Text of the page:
To be successful, Biden will have to mend the gap between a regretful past and an unrealised, more moral future. Complicating matters is the political gap between Biden’s power as President and his ability to enact comprehensive legislative reform through a divided congress.


President-elect Biden pledges to use executive action to reverse Trump-era detention and deterrence policy. This includes family separation, the appropriation of federal funds for border wall construction, and the persecution of DACA recipients. Furthermore, Biden pledges to commit significant political capital to deliver legislative immigration reform. Besides doing the necessary work to undo President Trump’s most egregious border policies, Biden will not be able to achieve long-term immigration reform to match his ambition in Central America without the input of congressional Republicans that have, until now, abided Trump’s immigration policies.


At stake in Biden’s Central American immigration dilemma is his role as redeemer of America to itself and abroad. Biden’s political hallmark is his ability to work both across the wings of his party and across the aisles of congress. Key to his political style is a personalism that can generate agreements with opposition lawmakers and foreign leaders. Biden’s long path to the White House centred on a redemptive arc for not only his own past political mistakes, but also the nation’s rejection of Donald Trump. If President Biden cannot deliver the legislative immigration reform that his party demands and that his Central America policy needs, he may lose much of the personal political capital his leadership trades on. Much worse, the United States will lose the opportunity to find a lasting solution to a regional crisis that threatens to perpetuate.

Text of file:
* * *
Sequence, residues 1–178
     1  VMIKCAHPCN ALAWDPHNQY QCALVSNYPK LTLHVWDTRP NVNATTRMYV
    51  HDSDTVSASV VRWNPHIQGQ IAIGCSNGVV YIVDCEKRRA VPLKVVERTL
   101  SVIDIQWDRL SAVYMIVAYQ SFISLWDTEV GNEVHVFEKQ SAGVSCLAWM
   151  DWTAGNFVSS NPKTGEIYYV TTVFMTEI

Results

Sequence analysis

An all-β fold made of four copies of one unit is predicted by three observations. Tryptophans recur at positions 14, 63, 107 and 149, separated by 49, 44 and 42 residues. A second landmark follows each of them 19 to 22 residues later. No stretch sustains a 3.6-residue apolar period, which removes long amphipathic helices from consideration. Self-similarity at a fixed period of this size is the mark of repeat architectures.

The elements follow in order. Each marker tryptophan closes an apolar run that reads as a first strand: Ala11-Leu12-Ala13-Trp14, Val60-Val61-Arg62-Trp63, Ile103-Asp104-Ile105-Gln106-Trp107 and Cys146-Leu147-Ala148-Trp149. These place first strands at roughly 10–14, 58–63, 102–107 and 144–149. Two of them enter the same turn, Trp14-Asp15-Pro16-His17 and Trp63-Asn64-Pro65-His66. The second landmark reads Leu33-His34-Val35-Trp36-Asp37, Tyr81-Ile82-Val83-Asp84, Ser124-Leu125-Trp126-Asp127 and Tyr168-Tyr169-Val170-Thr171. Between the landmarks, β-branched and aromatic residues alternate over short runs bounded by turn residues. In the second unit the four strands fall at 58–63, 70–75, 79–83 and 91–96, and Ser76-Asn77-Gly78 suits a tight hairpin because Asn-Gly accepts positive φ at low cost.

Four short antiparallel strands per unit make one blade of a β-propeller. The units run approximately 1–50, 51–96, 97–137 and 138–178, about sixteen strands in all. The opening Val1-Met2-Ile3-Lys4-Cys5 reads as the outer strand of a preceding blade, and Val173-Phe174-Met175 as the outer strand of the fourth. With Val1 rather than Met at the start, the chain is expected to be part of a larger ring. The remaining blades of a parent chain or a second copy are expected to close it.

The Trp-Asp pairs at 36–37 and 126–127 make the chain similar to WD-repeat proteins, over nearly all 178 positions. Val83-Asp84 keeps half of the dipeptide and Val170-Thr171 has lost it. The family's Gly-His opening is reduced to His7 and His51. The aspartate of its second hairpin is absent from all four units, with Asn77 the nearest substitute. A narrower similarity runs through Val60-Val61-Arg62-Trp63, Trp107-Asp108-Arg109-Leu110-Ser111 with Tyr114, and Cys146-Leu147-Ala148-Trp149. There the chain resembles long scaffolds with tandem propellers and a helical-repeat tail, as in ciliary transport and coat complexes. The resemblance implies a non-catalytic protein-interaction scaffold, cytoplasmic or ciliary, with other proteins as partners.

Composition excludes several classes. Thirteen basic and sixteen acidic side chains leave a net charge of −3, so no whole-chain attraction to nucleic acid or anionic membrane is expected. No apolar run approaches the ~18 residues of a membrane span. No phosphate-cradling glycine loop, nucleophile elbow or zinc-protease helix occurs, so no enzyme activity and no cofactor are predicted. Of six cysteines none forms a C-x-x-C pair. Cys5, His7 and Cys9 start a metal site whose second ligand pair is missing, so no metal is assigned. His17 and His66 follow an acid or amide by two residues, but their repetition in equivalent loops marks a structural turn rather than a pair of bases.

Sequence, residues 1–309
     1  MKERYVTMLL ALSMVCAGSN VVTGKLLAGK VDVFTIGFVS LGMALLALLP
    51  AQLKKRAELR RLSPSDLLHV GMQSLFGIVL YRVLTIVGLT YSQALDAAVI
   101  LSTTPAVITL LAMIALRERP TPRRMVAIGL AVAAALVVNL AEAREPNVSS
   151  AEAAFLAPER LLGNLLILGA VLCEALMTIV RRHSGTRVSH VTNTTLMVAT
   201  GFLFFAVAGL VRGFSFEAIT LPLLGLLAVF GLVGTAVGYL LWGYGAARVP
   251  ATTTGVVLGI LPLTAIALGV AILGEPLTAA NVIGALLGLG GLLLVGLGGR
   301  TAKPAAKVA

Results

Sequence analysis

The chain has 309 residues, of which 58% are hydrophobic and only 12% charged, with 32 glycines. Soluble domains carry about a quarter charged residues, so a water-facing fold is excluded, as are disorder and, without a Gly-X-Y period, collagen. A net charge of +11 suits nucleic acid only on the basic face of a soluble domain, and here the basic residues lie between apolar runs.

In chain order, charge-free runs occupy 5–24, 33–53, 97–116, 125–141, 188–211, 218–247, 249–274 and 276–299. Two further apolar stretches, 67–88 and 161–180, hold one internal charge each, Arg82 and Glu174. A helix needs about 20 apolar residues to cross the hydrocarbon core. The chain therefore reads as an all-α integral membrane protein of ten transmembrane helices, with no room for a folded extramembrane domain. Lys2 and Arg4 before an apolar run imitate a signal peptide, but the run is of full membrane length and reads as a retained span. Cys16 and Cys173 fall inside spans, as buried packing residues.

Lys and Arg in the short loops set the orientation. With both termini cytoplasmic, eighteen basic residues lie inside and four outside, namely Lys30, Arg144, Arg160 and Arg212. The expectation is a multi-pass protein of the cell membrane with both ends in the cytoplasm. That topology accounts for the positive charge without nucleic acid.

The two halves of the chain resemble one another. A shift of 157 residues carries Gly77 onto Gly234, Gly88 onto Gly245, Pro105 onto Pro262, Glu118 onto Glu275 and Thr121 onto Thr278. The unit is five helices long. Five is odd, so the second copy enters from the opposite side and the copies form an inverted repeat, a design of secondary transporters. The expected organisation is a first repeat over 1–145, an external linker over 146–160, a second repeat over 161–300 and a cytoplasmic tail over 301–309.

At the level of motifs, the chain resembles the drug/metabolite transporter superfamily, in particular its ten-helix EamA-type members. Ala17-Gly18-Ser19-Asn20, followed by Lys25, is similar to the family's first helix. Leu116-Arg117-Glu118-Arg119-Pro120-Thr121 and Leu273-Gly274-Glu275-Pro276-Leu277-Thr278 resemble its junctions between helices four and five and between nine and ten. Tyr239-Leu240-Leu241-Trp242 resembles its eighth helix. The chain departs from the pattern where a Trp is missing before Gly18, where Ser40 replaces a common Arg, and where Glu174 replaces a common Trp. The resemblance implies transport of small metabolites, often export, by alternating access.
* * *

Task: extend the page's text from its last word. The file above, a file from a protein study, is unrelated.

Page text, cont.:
America’s ability to conduct long-term foreign policy is on the line. Complex international crises are exceeding the nation’s ability to build the consensus, enact the reforms, and sustain the responses necessary to solve the problems where American leadership matters. The U.S cannot instil stability abroad with its own unsteady hand. The cooperation the U.S needs from its Central American partners to solve problems like migration and corruption requires reliable and ethical intentions in the region. President Biden may be the best navigator of America’s political and moral terrain, and the best steward of its values overseas. Joe Biden’s second chance in Central America will give his original long-term vision the continuity it needs. Hopefully, it will also deliver a new, more compassionate, and sustainable immigration policy that Central America deserves.


Ariel Castro-Martinez is the Latin America fellow for Young Australians in International Affairs.